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Types Working
For You
Richard Dallaway, @d6y
underscore.io
InfoQ.com: News & Community Site
• 750,000 unique visitors/month
• Published in 4 languages (English, Chinese, Japanese an...
Purpose of QCon
- to empower software development by facilitating the spread of
knowledge and innovation
Strategy
- practi...
Modern type system
with lots of power
Two Themes
Straightforward Scala
Types Working for Us
Progression
Part 1 Straightforward Scala
Part 2 Functional Programming
Part 3 Typelevel Programming
Straightforward Scala
— Part 1 —
The only problem was we had no idea what the code
was doing at first.
We came across a strange symbol we hadn’t seen in
ou...
The only problem was we had no idea what the code
was doing at first.
We came across a strange symbol we hadn’t seen in
ou...
The only problem was we had no idea what the code
was doing at first.
We came across a strange symbol we hadn’t seen in
ou...
The only problem was we had no idea what the code
was doing at first.
We came across a strange symbol we hadn’t seen in
ou...
“It’s about having a maintainable
code base where you can have 

people cross projects easily and
get new hires up to spee...
Power!
Protect the team from it
and
Get the benefit of it
What can we do?
1. Expressions, types, & values
2. Objects and classes
3. Algebraic data types
4. Structural recursion
5. Sequencing compu...
1. Expressions, types, & values
2. Objects and classes
3. Algebraic data types
4. Structural recursion
5. Sequencing compu...
Algebraic data types
Structural recursion
Algebraic data types
data into code
Structural recursion
transformation
Model data with logical
ors and logical ands
A website visitor is:
• anonymous; or
• logged in
A logged in user has:
• an ID; and
• facts we know about
them
Two Patterns
and (product types)
or (sum types)
Sum and product together
make algebraic data types
Structure of the code
follows the structure of
the data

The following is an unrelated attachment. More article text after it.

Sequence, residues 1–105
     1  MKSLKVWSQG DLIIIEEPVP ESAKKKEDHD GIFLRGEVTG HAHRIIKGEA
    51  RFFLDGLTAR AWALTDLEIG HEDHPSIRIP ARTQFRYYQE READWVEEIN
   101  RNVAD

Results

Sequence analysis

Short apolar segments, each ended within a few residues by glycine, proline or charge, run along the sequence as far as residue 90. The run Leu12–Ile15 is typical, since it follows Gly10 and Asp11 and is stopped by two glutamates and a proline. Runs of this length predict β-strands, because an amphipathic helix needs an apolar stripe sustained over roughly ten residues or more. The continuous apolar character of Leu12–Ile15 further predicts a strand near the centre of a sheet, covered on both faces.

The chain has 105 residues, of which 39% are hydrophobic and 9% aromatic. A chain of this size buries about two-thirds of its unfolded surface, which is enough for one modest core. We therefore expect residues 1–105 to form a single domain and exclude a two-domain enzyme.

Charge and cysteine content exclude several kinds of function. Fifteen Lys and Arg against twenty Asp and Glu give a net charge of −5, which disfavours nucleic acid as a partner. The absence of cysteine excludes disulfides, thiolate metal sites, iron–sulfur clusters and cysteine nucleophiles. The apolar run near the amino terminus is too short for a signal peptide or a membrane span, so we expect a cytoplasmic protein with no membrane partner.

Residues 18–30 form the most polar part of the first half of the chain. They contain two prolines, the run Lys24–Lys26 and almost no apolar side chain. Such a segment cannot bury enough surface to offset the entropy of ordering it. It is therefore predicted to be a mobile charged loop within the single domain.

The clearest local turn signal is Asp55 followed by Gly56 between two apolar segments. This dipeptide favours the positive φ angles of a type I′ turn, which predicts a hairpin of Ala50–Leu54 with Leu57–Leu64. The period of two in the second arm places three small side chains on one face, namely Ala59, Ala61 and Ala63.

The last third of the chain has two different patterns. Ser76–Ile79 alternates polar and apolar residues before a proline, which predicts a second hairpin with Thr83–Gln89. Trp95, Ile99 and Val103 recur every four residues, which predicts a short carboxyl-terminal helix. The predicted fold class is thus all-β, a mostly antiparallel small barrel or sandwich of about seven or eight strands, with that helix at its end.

A website visitor is:
• anonymous; or
• logged in
sealed trait Visitor
case class Anonymous()

extends Visitor
case class User()

extends Visitor
A logged in user has:
• an ID; and
• facts we know about
them

An anonymous has:
• an ID
sealed trait Visitor
case class Anonymous()

extends Visitor
case class User()

extends Visitor
sealed trait Visitor
case class Anonymous(id: Id)

extends Visitor
case class User(id: Id, facts: Set[Fact])

extends Visi...
Structural recursion
def serveAd(v: Visitor): Advert = ???
Structure of the code
follows the structure of
the data
def serveAd(v: Visitor): Advert = ???
def serveAd(v: Visitor): Advert =
v match {
case User(_, info) => relevantAd(info)
case Anonymous(id) => adRotation(id)
}
def serveAd(v: Visitor): Advert =
v match {
case User(_, info) => relevantAd(info)
case Anonymous(id) => adRotation(id)
}
def serveAd(v: Visitor): Advert =
v match {
case User(_, info) => relevantAd(info)
case Anonymous(id) => adRotation(id)
}
...
ADT & Structural Recursion
Straightforward part of Scala.
Clear, productive, occurs frequently.
Be opinionated in what you...
Help from FP Ideas
— Part 2 —
Combining lists
Concatenating strings
Union of sets
Combining things in a loop
Chaining logical operations
Adding numbers
...
A combine function and
an empty value
Addition
Empty Combine
0 +
Set
Empty Combine
Set.empty union
For any T
Empty Combine
A zero for T
A way to
combine two Ts
and give me
back a T
A combine function and
an empty value
Monoid
A combine function and
an empty value
…and laws
The boss asks…
What’s the total visits to the web site?
def report(vs: List[Int]): Int = ???
For any T
Empty Combine
A zero for T
A way to
combine two Ts
and give me
back a T
For any T
trait Monoid[T] {
def empty: T
def combine(x: T, y: T): T
}
val addition = new Monoid[Int] {
def empty = 0
def combine(x: Int, y: Int) = x+y
}
fold
def fold(vs: List[Int]): Int =
vs match {
case Nil => 0
case v :: rest => v + fold(rest)
}
fold(List(1,2,3))

// 6
fold(1,2,3)
1 + fold(2,3)